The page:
Sexually Ambiguous

On July 29th 1992, Nicky Crane – National Front skinhead and Screwdriver roadie; who featured in the same Nick Knight photo essay as the V-flicker on a Morrissey t-shirt – came out as gay on the UK Channel 4 documentary, Out: The Skin Complex, that explored gay skinhead subculture.

On August 22nd 1992, the NME spent 5 pages denouncing Morrissey as a racist for playing 1 of 2 planned gigs with headliners Madness, at Finsbury Park, where he was heckled by a homophobic crowd while thrashing about a Union Jack flag in front of a Derek Ridgers art print of 2 skinhead girls.

https://illnessasart.com/2020/11/26/nme-22-august-1992/amp/

Despite lead singer, Suggs’s skinhead past and old Skrewdriver connections, Madness was deemed ‘unfortunate’ for attracting the racist crowd. Derek Ridgers worried that Morrissey had demeaned the girls in the art print, who WERE racist imagery. Flowered Up, another band on the bill, thought Morrissey had asked for trouble by ‘prancing around‘.

Most of the National Front supporters were outside Finsbury Park to oppose a march for a cause Morrissey supported, British troops out of Northern Ireland (he’s from an Irish Catholic family). The National Front’s most violent organiser, Johnny ‘Mad Dog’ Adair, was a fan of reggae band UB40, and his loyalist paramilitary gang killed Catholics while listening to rave.

https://edinburghfestival.list.co.uk/article/43221-madness-frontman-suggs-tells-life-story-at-2012-edinburgh-fringe/

https://www.irishtimes.com/news/ireland/irish-news/the-uda-killer-nicknamed-top-gun-behind-a-dozen-sectarian-murders-1.4628830

https://www.belfasttelegraph.co.uk/opinion/news-analysis/how-loyalists-got-out-of-step-with-fascism-28657619.html

https://ansionnachfionn.com/2011/09/16/fascists-neo-nazis-and-the-british-unionist-minority-in-ireland/amp/

But still the NME lied that Morrissey was a Little England British Nationalist, that his imagery was racist, that he was fanning the flames of race-hate, that Bengali in Platforms was a diatribe against assimilation, supportive of ex-Conservative Ulster Unionist MP Enoch Powell, inciting calls for immigrants to be deported, that he wanted a pre-immigration green and pleasant England, that he wanted an English ethno-state, that he was provoking genocide, and – in a technique that now dominates his coverage – cobbled together so many snippets of lyrics and interviews spuriously branded racist that to refute them all would look demented; no fire without all THAT smoke. Even his quiff was racist for being a 1950s style.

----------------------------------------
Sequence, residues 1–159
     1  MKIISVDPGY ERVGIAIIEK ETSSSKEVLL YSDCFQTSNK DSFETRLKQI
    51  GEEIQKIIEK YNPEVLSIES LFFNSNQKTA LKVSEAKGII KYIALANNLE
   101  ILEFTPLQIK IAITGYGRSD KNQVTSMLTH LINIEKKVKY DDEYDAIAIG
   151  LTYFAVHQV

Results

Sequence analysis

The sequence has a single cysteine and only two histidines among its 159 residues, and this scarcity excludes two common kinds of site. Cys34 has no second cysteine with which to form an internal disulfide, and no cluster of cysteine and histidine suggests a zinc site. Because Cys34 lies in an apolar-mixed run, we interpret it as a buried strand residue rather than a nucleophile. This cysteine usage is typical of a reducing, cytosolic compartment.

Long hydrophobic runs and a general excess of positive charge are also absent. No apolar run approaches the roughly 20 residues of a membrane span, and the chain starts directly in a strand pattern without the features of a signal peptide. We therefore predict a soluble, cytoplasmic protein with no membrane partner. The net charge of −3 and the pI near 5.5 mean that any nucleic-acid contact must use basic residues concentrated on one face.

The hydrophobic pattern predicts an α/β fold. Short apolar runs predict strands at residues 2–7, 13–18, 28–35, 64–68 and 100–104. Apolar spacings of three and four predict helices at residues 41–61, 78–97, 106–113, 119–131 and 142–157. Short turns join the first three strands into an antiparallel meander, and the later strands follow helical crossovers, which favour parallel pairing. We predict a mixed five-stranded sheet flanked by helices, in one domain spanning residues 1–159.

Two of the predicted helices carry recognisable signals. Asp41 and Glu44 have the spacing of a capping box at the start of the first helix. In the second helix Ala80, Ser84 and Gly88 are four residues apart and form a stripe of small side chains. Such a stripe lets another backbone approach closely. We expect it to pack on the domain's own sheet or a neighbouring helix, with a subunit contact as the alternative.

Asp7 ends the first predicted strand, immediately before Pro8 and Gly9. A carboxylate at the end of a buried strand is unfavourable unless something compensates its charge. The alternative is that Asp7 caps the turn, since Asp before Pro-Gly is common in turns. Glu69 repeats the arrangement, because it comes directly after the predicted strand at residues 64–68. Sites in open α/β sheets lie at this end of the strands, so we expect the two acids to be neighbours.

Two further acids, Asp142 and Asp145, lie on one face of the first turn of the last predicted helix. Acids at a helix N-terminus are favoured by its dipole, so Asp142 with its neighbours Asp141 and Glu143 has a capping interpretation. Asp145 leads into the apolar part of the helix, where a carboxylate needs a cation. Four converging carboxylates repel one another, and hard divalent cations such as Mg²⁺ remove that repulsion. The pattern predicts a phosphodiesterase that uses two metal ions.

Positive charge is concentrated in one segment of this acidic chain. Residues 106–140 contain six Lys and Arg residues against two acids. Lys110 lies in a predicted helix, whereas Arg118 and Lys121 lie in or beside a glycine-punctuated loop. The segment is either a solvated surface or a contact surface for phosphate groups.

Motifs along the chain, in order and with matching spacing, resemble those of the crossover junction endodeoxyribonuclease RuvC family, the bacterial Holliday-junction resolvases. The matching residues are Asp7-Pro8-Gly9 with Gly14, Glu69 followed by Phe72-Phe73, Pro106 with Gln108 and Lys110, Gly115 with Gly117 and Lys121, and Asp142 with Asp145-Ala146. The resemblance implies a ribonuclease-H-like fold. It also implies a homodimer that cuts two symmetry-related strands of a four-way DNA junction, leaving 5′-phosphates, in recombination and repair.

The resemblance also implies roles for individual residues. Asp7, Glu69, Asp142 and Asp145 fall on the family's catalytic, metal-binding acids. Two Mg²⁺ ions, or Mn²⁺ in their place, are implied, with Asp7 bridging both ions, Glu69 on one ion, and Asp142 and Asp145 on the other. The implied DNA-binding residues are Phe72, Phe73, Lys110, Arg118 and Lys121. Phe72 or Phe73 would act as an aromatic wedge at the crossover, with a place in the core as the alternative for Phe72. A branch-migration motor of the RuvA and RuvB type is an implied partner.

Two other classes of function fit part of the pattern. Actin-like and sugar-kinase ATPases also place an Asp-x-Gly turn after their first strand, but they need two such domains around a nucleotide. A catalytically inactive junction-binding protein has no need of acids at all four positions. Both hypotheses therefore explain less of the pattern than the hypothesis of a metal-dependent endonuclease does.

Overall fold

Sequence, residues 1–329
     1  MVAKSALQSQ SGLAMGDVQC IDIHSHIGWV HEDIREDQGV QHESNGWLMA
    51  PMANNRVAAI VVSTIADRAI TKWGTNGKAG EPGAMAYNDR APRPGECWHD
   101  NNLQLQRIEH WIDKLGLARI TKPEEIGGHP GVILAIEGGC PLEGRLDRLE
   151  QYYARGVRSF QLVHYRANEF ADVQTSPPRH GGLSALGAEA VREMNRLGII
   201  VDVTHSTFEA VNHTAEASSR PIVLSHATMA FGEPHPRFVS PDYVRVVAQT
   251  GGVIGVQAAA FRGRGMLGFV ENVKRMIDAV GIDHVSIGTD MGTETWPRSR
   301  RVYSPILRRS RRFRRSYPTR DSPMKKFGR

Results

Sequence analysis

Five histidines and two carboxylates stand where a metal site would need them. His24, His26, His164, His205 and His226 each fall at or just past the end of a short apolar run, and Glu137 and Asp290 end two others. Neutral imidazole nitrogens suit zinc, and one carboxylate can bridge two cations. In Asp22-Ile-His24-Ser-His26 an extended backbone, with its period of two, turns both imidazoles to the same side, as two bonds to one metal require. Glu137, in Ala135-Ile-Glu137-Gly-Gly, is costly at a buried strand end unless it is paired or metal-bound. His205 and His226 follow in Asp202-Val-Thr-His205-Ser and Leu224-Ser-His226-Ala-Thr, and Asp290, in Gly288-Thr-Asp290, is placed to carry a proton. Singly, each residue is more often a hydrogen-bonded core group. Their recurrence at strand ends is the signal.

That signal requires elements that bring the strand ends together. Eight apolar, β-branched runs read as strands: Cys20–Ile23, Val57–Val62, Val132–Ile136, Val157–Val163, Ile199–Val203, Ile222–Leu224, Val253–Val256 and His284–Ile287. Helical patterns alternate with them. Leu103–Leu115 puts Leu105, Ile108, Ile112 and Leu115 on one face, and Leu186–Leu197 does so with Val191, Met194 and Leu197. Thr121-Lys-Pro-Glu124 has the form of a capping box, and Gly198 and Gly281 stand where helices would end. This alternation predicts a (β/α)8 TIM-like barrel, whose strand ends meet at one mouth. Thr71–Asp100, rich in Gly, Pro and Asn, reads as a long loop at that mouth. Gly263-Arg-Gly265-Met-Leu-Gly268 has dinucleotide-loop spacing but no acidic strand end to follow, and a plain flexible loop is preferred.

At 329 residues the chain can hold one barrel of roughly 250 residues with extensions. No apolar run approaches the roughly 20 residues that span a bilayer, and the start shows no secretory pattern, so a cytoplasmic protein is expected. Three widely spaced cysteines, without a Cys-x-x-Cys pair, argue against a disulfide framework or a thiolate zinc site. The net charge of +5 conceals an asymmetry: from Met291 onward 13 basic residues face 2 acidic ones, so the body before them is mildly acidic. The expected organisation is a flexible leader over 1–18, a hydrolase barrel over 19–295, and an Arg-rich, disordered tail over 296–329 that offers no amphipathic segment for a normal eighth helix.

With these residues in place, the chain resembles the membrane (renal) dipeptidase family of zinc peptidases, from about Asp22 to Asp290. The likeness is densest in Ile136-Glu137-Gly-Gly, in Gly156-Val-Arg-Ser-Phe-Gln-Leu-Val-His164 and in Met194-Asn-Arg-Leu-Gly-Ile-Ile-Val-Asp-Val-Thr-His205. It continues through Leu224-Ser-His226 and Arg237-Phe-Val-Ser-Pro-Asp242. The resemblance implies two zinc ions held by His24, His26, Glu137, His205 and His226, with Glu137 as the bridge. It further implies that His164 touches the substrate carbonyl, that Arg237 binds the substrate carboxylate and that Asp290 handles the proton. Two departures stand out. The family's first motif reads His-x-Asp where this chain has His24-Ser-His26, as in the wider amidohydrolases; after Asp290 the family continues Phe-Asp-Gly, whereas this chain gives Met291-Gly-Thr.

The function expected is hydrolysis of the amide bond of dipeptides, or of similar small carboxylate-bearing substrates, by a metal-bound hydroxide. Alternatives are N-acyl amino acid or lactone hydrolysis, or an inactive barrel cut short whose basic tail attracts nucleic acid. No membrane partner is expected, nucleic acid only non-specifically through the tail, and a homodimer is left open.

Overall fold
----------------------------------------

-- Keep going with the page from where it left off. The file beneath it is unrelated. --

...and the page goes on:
And, taking their cue from The Skin Complex, they speculated that he had a sexual fetish for racism, that he was getting vicarious skinhead thrills, that he was using real men, like skinheads, The Angelic Upstarts, as a cover; and noted that ‘Richard Allen’s skinhead chronicles are full of sickening accounts of violence against blacks. And for that matter, homosexuals’.

And for that matter, that was their real point.

Someone must have watched it, got excited, thought OH THAT’S WHAT HE’S UP TO and decided to disguise their usual prurient, repressed homophobic obsession with his sex life beneath a heap of lurid faux righteous anti-racism.

Dr Dinesh Bhugra, a psychologist at the Institute of Psychiatry, speaking on Skin Complex, the Channel 4 programme to be screened on Wednesday, argues that gay men adopting the skinhead image is not surprising. In a society that is producing a tremendous amount of homophobia, you have to try and protect yourself by whichever means you can and if, in order to do it, it means you are identifying with the oppressor then people will do that in order to survive. (Independent, 26th July 1992)

Let’s not forget that the adolescent Morrissey used to be chased through the streets of Manchester at night by leering beer-boys, some of whom may have held NF sympathies, simply for being ‘different’. And he definitely spent a lot of time in Whalley Range, a multi-racial area. Is he now identifying with his former oppressors? Has he changed from the persecuted to the persecutor? Or, is he fascinated by the idea of racism, by the look of violent skinheads, to the extent of being oppressed so much he falls in love with his oppressors? (NME, August 1992)

https://www.independent.co.uk/news/uk/reformed-fascist-ready-to-admit-homosexuality-martin-wroe-reports-on-the-conversion-of-a-right-winger-that-highlights-a-thriving-gay-fashion-1535856.html?amp

Maybe they wanted to kill his career.

Moz is history, and we’d all do well to learn it. (Andrew Collins, NME, April 1992)